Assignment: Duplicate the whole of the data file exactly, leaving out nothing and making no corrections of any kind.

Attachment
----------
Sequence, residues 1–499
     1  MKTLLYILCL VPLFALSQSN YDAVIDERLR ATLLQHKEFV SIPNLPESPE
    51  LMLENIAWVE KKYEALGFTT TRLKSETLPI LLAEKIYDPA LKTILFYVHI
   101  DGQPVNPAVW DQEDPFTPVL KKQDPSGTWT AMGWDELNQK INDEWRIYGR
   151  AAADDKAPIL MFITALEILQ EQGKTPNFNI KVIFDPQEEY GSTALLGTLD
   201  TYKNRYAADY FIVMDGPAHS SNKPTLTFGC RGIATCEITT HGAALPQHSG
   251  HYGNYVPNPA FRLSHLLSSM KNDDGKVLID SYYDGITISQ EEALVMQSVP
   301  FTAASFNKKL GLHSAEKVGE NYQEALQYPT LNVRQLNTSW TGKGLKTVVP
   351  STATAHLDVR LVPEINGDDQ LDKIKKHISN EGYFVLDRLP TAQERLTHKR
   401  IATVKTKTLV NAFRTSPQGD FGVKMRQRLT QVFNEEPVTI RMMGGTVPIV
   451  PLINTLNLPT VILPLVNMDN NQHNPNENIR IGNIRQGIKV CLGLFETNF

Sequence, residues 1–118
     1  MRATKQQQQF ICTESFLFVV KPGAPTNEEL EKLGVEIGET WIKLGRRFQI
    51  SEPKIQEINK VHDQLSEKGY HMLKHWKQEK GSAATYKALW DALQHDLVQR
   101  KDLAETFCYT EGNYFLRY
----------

Sequence, residues 1–499
     1  MKTLLYILCL VPLFALSQSN YDAVIDERLR ATLLQHKEFV SIPNLPESPE
    51  LMLENIAWVE KKYEALGFTT TRLKSETLPI LLAEKIYDPA LKTILFYVHI
   101  DGQPVNPAVW DQEDPFTPVL KKQDPSGTWT AMGWDELNQK INDEWRIYGR
   151  AAADDKAPIL MFITALEILQ EQGKTPNFNI KVIFDPQEEY GSTALLGTLD
   201  TYKNRYAADY FIVMDGPAHS SNKPTLTFGC RGIATCEITT HGAALPQHSG
   251  HYGNYVPNPA FRLSHLLSSM KNDDGKVLID SYYDGITISQ EEALVMQSVP
   301  FTAASFNKKL GLHSAEKVGE NYQEALQYPT LNVRQLNTSW TGKGLKTVVP
   351  STATAHLDVR LVPEINGDDQ LDKIKKHISN EGYFVLDRLP TAQERLTHKR
   401  IATVKTKTLV NAFRTSPQGD FGVKMRQRLT QVFNEEPVTI RMMGGTVPIV
   451  PLINTLNLPT VILPLVNMDN NQHNPNENIR IGNIRQGIKV CLGLFETNF

Sequence, residues 1–118
     1  MRATKQQQQF ICTESFLFVV KPGAPTNEEL EKLGVEIGET WIKLGRRFQI
    51  SEPKIQEINK VHDQLSEKGY HMLKHWKQEK GSAATYKALW DALQHDLVQR
   101  KDLAETFCYT EGNYFLRY